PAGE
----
Dr Elizabeth Harris, Honorary Research Fellow, Edward Cadbury Centre for the Public Understanding of Religion, University of Birmingham

And in the Big News today from a Faith Perspective, what would you take if your house was on fire? Which brings me to Buddhism and Christianity. Aren’t they brilliant. It’s all so, … so spiritual.



5 thoughts on “Dr Elizabeth Harris, Honorary Research Fellow, Edward Cadbury Centre for the Public Understanding of Religion, University of Birmingham

  1. Wild fires raging through California. What does that make me think about? Why ME of course! Let me tell you about my deep internal, if theoretical, struggles. What’s that; there are real people in those fires and a myriad of real issues both practical, political and philosophical? Well don’t bother me with that, I’m busy here virtue signalling. Doing my bit to further the public understanding of religion.


  2. It’s often the case that people who tell you off for worrying about possessions are pretty comfortably placed themselves. People who actually don’t have many possessions aren’t spiritually enhanced: they’re just poor, and often cold and hungry as well.

    I don’t think I’ve ever heard of the Edward Cadbury Centre (soft or hard centre, I wonder?) for the Public Understanding of Religion. Judging by the way church membership is in freefall, it isn’t doing a very good job. Or, looked at another way, it’s doing a fantastic job.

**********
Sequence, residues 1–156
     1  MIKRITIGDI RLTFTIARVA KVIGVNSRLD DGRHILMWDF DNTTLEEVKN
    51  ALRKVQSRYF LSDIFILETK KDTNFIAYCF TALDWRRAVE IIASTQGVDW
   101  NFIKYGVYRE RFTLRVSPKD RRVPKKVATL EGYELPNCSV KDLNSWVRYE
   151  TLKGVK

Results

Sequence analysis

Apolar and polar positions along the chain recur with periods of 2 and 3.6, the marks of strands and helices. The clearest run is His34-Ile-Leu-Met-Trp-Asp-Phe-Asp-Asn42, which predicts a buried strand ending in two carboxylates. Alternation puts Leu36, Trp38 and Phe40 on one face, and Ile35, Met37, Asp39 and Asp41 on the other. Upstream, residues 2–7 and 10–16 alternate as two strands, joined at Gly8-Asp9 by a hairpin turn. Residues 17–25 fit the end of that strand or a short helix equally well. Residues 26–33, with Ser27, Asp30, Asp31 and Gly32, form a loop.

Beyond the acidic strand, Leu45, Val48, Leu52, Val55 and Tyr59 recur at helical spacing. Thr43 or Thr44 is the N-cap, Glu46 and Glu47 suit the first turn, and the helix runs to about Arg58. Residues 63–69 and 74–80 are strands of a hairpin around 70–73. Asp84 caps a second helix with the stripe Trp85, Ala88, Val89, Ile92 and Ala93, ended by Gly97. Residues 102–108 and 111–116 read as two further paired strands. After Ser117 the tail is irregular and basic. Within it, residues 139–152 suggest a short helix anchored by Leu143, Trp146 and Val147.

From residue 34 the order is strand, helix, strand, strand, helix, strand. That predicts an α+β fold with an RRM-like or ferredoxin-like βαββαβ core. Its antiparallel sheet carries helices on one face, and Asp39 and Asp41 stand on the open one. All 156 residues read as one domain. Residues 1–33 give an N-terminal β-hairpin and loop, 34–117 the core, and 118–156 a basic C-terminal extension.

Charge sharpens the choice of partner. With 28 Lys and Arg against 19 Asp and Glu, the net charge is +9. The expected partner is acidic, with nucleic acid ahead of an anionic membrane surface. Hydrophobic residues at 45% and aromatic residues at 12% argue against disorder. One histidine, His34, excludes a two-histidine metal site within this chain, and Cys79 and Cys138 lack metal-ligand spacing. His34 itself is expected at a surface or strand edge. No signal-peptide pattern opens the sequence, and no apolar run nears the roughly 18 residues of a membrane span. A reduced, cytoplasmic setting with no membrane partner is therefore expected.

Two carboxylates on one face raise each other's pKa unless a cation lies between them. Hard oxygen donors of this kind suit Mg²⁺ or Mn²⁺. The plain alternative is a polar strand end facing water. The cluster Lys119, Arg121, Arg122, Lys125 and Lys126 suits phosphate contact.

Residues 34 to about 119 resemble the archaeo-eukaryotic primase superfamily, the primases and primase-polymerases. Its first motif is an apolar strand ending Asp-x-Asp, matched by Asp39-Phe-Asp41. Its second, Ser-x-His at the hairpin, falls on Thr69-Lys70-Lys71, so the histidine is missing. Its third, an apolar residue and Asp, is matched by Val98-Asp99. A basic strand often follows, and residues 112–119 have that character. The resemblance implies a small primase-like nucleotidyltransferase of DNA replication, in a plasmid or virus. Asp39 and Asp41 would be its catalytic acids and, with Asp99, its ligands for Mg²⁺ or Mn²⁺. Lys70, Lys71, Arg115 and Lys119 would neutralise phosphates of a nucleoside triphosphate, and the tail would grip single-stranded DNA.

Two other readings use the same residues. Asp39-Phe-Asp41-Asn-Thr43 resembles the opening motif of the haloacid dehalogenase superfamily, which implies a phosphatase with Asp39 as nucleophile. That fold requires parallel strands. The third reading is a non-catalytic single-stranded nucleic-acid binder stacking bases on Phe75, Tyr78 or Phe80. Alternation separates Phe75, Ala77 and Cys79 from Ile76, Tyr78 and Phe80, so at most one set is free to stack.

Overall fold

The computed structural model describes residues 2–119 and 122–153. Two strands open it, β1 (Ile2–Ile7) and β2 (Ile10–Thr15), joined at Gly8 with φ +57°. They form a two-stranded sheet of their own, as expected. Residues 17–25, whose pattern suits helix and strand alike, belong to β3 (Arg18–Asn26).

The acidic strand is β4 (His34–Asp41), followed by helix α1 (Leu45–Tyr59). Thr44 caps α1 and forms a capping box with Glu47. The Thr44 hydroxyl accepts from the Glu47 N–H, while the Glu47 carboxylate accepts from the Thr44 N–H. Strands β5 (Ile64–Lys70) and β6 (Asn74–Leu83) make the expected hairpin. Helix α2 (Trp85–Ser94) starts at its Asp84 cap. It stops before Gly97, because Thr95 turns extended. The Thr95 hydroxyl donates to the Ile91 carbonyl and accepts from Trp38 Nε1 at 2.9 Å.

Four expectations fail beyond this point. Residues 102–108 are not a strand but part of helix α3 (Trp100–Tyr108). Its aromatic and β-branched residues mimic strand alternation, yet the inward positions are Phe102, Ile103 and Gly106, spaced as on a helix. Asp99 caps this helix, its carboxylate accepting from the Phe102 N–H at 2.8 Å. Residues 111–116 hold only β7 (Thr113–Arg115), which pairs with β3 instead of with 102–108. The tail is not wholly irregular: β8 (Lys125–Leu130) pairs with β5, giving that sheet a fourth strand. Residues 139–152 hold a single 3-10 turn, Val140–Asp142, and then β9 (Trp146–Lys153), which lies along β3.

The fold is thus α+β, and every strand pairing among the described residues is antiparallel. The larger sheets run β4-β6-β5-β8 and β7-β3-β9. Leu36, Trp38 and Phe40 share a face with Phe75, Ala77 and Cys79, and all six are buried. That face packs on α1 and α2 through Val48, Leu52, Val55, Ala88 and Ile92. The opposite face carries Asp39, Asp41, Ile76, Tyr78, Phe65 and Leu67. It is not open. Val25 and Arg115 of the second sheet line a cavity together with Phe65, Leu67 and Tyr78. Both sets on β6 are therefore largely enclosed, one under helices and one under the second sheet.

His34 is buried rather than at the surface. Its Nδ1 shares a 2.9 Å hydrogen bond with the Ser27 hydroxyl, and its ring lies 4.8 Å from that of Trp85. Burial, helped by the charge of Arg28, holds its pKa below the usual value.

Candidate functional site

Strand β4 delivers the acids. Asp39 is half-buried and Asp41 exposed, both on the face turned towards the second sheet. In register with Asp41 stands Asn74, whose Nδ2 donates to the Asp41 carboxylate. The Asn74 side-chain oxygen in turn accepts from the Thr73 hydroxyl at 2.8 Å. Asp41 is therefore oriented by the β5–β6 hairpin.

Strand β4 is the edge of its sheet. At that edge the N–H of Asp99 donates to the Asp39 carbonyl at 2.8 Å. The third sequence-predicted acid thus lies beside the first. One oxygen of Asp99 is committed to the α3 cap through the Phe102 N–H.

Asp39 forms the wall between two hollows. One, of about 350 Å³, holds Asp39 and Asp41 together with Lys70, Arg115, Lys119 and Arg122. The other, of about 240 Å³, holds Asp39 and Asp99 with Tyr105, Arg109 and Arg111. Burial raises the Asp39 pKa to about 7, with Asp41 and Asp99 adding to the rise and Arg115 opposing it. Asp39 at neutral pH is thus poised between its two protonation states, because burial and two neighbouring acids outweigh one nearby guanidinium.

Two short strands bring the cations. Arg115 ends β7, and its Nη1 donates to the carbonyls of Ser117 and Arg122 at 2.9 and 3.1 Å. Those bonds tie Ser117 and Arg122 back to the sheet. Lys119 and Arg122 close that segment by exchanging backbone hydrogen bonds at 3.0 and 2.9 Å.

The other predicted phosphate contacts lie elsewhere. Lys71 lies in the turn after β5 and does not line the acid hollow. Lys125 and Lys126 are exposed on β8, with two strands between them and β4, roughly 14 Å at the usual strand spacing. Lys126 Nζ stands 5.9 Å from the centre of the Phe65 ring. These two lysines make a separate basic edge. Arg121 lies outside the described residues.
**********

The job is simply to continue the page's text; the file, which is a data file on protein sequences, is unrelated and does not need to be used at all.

1. My first thought: Edward Cadbury Centre – caution, may contain nuts.
      But then, on reflection: Cadbury, Rowntree, Fry: three famous Quaker families with a history of social reform (Bournville, temperance and prison visiting spring immediately to mind) so perhaps there is more to consider.And then she went and spoiled it with her talk. Her message, “I could leave my burning home with nothing because I can afford to” does not really seem very deep.


  3. Hi, I am from The Hans Christian Andersen and Brothers Grimm Centre for the Public Understanding of Belief in Fairies. The centre was established to enhance the public understanding of fairies regionally, nationally and internationally through distinctive, strategic and engaged interdisciplinary research. We deliver innovative, impact-driven and internationally-excellent research exploring the significance of belief in fairies (and all other mythical beings), working with faith-in-fairies communities and policy makers to develop informed agendas for social transformation.

    Sounds weird doesn’t it? But just change a few words and you get a real university department. And being a respected member of that department you get a spot on national radio to spout your belief in the supernatural. Can I go on tomorrow please as I have much to say about the role of naughty leprechauns in creating woodland fires. Or was it BigFoot? They can’t just have started naturally can they?


  4. Some TftD “contributors” infamously compartmentalise their co-existing devotion to the supernatural and to science; this one somehow thinks she can get away with trying it with two mutually-contradictory religions – and as if it doesn’t beg any questions.


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